Fundamentals of algebraic specification 2. Module specifications and constraints.

*(English)*Zbl 0759.68013
EATCS Monographs on Theoretical Computer Science. 21. Berlin etc.: Springer-Verlag. XI, 427 p. (1990).

This text is the second part of a three-volume series on the use of algebraic specifications for laying a mathematical foundation of software engineering. While the first part deals with equations and initial semantics is concerned mainly with the mathematical legwork, the second volume, under review here, discusses modules. Modules are a basic construct in programming, permitting the decomposition of the problem at hand into encapsulated subproblems. Now some fundamental questions arise: how are modules represented using algebraic specifications, what is the semantics of modules, and how are the various operations on modules described in the calculus under consideration? The text proposes an answer to these questions: first abstract modules are introduced as an abstraction of the module concept found in programming languages, then module specifications are discussed together with the basic and general operations of them, which may graphically be described as horizontal structuring (Chapters 2-5). Diverse manipulations on modules like refinements entailing vertical development steps from higher level requirements to lower level design specifications are discussed in Chapter 5, and Chapter 6 discusses vertical development from a categorical point of view, introducing the concept of development categories. The final Chapters 7 and 8 discuss constraints as well as module specifications, delving into the problem of no longer being able to guarantee the existence of free constructions. An appendix introduces the abstract versions of the algebraic specification languages ACT ONE and ACT TWO. Furthermore, a list of basic notions and constructions from algebraic specifications and category theory is provided.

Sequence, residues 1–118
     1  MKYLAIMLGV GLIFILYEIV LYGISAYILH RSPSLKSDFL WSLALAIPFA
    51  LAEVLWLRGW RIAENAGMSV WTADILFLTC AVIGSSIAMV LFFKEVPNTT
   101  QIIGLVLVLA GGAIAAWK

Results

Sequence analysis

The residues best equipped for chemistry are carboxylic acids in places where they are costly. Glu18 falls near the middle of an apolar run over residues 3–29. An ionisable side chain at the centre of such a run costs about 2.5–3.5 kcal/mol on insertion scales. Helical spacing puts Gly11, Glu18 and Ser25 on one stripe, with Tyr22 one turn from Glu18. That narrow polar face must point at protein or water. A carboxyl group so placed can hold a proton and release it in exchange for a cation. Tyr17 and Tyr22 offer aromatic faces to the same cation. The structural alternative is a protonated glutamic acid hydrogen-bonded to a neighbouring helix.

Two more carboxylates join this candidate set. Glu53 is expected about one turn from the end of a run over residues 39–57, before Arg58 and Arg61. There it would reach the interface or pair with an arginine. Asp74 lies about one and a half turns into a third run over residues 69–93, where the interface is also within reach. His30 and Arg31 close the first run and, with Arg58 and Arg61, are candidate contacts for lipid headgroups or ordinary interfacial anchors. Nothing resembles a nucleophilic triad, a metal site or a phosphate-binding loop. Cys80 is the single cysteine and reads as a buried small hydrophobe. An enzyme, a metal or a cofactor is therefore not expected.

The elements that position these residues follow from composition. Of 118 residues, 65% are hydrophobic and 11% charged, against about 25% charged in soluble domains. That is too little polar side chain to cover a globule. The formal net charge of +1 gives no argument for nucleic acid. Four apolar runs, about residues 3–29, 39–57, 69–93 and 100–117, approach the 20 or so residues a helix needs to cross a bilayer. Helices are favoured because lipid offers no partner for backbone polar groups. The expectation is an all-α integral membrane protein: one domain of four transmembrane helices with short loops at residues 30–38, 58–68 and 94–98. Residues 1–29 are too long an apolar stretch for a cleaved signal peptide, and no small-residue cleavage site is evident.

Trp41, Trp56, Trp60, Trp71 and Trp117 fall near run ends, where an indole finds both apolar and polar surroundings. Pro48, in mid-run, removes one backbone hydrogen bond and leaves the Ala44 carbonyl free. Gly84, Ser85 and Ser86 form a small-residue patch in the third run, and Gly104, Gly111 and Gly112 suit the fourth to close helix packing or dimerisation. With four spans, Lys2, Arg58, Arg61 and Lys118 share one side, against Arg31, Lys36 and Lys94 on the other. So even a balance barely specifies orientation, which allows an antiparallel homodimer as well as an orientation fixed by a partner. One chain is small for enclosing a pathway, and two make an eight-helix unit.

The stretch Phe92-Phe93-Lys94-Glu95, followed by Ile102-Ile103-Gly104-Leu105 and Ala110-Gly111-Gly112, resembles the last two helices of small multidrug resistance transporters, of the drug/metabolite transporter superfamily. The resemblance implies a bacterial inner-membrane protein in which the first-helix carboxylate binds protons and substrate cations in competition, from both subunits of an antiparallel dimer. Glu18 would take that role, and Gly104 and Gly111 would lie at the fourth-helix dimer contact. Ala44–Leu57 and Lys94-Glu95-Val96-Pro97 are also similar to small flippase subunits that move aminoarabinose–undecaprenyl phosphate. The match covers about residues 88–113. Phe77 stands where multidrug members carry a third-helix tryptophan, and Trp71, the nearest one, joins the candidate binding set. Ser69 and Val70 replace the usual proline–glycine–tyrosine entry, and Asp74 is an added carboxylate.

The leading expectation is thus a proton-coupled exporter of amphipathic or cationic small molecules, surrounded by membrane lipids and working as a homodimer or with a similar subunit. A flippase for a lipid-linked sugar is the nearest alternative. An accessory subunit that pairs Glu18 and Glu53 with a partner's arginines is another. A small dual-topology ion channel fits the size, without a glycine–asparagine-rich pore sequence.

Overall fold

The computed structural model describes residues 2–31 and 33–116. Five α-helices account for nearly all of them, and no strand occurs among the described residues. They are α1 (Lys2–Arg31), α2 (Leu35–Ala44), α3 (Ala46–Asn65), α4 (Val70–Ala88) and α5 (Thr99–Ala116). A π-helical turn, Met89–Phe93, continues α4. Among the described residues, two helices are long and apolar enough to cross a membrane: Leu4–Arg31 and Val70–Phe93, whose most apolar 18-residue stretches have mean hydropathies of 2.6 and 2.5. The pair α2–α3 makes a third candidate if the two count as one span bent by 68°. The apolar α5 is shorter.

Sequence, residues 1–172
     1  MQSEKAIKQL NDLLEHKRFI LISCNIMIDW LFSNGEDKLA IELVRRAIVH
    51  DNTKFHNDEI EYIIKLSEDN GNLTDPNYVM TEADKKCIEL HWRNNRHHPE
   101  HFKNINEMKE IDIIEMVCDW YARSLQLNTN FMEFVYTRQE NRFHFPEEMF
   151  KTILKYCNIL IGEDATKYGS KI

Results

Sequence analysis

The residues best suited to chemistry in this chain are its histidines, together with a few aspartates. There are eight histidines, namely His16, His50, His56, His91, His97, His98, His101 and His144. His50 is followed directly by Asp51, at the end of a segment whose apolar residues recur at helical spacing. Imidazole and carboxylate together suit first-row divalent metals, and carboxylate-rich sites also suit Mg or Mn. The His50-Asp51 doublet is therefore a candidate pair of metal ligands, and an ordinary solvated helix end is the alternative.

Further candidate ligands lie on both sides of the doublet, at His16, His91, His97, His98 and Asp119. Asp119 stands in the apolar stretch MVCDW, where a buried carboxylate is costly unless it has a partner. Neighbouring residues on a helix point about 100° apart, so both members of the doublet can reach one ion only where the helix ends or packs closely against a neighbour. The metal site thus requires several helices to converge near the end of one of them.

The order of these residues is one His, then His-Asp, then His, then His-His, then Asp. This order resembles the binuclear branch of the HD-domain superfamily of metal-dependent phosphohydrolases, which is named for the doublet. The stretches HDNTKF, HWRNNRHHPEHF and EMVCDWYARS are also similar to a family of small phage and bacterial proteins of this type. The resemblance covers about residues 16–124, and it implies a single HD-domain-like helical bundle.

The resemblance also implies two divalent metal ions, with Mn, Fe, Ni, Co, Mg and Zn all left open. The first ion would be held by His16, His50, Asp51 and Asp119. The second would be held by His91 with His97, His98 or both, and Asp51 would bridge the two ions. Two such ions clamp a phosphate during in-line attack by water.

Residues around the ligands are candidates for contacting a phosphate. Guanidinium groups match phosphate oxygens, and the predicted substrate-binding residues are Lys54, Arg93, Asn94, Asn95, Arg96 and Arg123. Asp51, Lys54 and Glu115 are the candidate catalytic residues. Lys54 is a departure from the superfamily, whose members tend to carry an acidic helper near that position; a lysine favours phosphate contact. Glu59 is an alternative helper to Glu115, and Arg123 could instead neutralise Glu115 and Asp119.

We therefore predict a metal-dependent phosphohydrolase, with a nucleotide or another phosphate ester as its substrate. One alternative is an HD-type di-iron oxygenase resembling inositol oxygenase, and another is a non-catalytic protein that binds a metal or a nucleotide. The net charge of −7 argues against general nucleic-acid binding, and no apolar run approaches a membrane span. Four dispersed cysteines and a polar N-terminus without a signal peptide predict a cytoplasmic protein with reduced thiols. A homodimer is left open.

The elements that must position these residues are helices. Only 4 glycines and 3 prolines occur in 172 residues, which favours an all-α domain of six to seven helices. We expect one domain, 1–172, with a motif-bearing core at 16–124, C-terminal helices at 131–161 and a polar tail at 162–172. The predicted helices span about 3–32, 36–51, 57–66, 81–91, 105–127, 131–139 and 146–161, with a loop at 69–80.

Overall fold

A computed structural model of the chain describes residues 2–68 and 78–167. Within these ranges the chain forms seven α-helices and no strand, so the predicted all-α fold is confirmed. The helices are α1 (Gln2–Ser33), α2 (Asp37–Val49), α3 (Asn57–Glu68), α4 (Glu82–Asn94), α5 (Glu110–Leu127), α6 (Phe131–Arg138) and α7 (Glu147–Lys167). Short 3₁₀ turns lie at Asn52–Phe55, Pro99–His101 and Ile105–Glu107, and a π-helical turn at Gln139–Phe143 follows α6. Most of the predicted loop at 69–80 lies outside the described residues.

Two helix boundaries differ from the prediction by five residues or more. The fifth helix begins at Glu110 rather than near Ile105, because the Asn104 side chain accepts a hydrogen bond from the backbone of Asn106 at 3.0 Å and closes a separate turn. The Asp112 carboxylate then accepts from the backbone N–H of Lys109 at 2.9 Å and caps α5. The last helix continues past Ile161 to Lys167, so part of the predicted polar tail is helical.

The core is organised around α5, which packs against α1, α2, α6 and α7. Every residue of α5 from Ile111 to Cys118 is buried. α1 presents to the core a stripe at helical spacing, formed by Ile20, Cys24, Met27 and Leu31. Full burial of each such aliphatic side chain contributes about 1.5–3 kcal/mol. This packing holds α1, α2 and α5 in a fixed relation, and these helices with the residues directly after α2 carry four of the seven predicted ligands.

The text is well written, but it certainly helps to have the first volume of this series handy, and to have a basic knowledge of algebraic specifications (e.g. the survey of M. Wirsing [Algebraic specifications in J. van Leeuwen (ed.): Handbook of theoretical computer science, vol. B, Elsevier, Amsterdam, 677-788 (1990; Zbl 0714.68001)] or the textbook by H.-D. Ehrich, M. Gogolla and U. W. Lipeck [Algebraische Spezifikation abstrakter Datentypen, Teubner- Verlag, Stuttgart (1989; Zbl 0696.68011)]). The authors indicate that their theory is driven by the practical requirements of software development, and it will have to be seen whether this approach will be useful in the day-to-day of the educated software engineer.

The text is well written, but it certainly helps to have the first volume of this series handy, and to have a basic knowledge of algebraic specifications (e.g. the survey of M. Wirsing [Algebraic specifications in J. van Leeuwen (ed.): Handbook of theoretical computer science, vol. B, Elsevier, Amsterdam, 677-788 (1990; Zbl 0714.68001)] or the textbook by H.-D. Ehrich, M. Gogolla and U. W. Lipeck [Algebraische Spezifikation abstrakter Datentypen, Teubner- Verlag, Stuttgart (1989; Zbl 0696.68011)]). The authors indicate that their theory is driven by the practical requirements of software development, and it will have to be seen whether this approach will be useful in the day-to-day of the educated software engineer.

Reviewer: E.E.Doberkat (Essen)

##### MSC:

68N01 | General topics in the theory of software |